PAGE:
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In this episode, you’ll discover:

  • 7 things amateur investors waste money on when rehabbing properties. (1:47)
  • The “rehab checklist” that makes buyers open their wallet at the first viewing. (2:52)
  • How to tank the value of a $5M mansion—and how to keep it up. (4:10)
  • Why tenants hate the upgrades you pay good money for. (7:05)
  • One question to ask before any rehab–your answer can make the difference between losing or making money on the deal. (8:08)

Hey! Do you want to do a deal? Need my help with something? No cash to make an offer? Send me a quick text at 440-389-3883 and we’ll work together to get you the deal.

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Welcome to Cleveland real estate investor. On this podcast, you'll hear about every aspect of the real estate investment business. You will talk to your rockstar investors about their businesses, how they built them, where they came from, and where they're going. Who am I? I'm Joe Lieber and I've made millions of dollars from the real estate investment business over the last 20 years. If you're ready to hear the good and bad from a guy who's learned this business from the school of hard knocks and get educated by some bad ass entrepreneurs, then put your helmet on, strap on your chin strap. Let's ride.

(00:35): Hey, what's up, buddy? Thanks for tuning in to another episode of Cleveland real estate investor. So today we're going to talk about a rehab versus a rent ready house. There's a difference. There's a big difference. And some people take things too far. They take on way too far. They're doing rehabs for houses that are being rented. What's the difference? What are we talking about? So let's just dive right into this. Today. A rehab is a home where you're hitting a lot of the major stuff, right? Because this house would probably be something you're going to sell for retail. So what would a first time home buyer or a prospective owner occupant purchaser look for? I've been selling real estate for 20 years as a broker, so I work with a lot of first time home buyers and I get to see exactly what they want, what they're looking for.

(01:22): So you have a couple buying, maybe, let's say they're buying their first house and I don't have a whole lot of money down and the husbands and wives, they look at things differently, right? Guys look at things one way. Women look at them in a completely another way. Women are interested mostly in nice kitchens and bathrooms and the men seem to be looking at the things that are expensive. The things that are hard to do that I like to call or we'd like to call on this business cap. Ex capital expenditure means things like roof siding, windows, furnaces, ACS, hot water tanks, electrical boxes. These are the things that I see guys look at when they come into these properties. That's their main concern because those things can get expensive. They can get really expensive. And if you're doing a rehab and selling a home for retail to a first time home buyer, gosh darn it, you better have at least a lion's share of those things done.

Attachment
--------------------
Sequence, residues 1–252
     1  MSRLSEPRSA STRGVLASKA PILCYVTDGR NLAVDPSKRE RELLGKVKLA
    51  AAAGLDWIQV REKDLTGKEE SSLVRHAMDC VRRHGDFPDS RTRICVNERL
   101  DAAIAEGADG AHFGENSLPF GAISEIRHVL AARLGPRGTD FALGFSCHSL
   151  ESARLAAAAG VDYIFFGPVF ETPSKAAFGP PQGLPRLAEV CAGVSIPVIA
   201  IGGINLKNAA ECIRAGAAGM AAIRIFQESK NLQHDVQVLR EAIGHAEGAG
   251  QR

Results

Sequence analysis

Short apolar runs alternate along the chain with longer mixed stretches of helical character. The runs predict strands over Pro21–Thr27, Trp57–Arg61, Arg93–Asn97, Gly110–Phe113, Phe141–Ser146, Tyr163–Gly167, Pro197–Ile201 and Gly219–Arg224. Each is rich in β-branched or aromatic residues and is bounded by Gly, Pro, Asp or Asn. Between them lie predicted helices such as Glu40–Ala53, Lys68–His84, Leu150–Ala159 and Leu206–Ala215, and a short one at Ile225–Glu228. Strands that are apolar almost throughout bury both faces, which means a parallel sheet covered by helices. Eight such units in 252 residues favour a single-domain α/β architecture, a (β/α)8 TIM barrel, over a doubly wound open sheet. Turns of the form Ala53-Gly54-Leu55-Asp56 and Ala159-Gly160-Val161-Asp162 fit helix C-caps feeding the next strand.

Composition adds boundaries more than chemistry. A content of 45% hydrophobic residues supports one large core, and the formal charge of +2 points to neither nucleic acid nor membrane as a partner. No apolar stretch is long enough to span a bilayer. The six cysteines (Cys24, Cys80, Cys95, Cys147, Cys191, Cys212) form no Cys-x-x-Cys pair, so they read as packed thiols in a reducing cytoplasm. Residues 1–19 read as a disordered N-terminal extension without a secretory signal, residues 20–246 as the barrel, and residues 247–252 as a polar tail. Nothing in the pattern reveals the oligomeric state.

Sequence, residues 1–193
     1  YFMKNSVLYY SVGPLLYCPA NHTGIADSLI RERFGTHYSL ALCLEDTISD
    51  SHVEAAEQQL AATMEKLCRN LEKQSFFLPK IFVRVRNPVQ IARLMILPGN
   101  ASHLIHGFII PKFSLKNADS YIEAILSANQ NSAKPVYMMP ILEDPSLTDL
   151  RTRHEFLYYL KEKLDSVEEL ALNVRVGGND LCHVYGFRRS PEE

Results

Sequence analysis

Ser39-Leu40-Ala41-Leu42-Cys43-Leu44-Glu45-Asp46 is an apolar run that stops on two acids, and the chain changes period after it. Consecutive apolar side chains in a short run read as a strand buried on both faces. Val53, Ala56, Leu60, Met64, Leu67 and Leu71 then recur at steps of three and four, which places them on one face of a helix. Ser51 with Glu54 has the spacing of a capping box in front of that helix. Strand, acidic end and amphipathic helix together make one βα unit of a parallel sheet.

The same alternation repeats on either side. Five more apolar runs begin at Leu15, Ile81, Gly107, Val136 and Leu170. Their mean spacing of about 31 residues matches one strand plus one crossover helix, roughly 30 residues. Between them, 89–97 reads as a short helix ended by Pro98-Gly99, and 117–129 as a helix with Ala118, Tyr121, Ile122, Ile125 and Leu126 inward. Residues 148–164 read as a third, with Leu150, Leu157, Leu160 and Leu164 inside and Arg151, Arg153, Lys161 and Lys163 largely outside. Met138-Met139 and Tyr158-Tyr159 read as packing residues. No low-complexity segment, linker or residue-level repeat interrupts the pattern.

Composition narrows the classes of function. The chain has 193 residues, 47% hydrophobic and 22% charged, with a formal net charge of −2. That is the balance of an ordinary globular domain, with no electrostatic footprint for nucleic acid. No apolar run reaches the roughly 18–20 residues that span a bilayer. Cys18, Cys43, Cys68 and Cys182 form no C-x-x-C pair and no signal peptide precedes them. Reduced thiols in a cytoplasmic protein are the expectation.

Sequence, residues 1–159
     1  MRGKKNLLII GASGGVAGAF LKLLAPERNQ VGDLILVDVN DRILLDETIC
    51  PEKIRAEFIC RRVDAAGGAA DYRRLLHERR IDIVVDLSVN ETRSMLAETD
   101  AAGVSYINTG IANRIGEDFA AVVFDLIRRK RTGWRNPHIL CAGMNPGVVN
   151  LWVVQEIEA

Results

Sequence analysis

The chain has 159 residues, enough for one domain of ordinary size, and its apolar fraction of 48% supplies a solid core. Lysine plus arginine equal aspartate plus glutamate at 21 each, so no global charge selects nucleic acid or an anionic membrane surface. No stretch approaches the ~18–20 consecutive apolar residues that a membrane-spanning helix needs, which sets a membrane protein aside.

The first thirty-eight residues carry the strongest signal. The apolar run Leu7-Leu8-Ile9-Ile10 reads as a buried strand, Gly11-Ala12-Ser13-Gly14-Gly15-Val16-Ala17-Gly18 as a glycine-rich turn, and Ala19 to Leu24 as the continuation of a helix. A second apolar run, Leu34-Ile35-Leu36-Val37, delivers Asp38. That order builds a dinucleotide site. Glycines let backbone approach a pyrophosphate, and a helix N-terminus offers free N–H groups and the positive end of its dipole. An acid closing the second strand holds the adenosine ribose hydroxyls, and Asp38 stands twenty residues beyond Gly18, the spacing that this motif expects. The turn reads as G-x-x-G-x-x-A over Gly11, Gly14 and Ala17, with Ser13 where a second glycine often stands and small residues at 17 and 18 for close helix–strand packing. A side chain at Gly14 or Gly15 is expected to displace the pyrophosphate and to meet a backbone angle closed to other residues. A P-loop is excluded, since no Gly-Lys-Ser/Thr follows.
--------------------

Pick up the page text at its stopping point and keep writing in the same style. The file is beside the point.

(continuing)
(02:16): Women on the other hand, they're coming in and, and don't get wrong, they notice this stuff, but they're more focused on the kitchen isn't nice. Is it pretty? Does it have granite countertops? Does it have appliances? Yeah, appliance packages for a first time home buyer. Expensive. A couple of grand might not seem like a lot, but it is a lot. And they look at this stuff and they want it and if he had that stuff in there, awesome. But they want to make sure the floor's nice and the doors are all open and close. Nice and a nice faucet. And the bathrooms are clean and bright and that's what gets them excited. And that's cool. And if you're selling a home, you should do those things. You should make sure it's freshly painted. You should make sure that a nice tile floors are down, not like a vinyl floor.

(02:58): I mean step it up. Maybe it's a tile floor, maybe it's vinyl plank flooring, you know, something just really nice and looks good. Those are things that need to be done. Okay, so what's the difference? Now I'm seeing people who are doing these things and then they're putting tenants in the houses. Now we've all rented things, right? We've even rented a hotel room. You're probably a little less careful in a hotel room, right, than you are your home you own. So there's a difference. I mean they're just, the care level is probably not going to be as high if you're renting it versus if you own it. So do you want to do all those things? Do you want to dial in a nice tile floor and granite countertops and the slow closing drawers if you're going to be renting the property out? Probably not.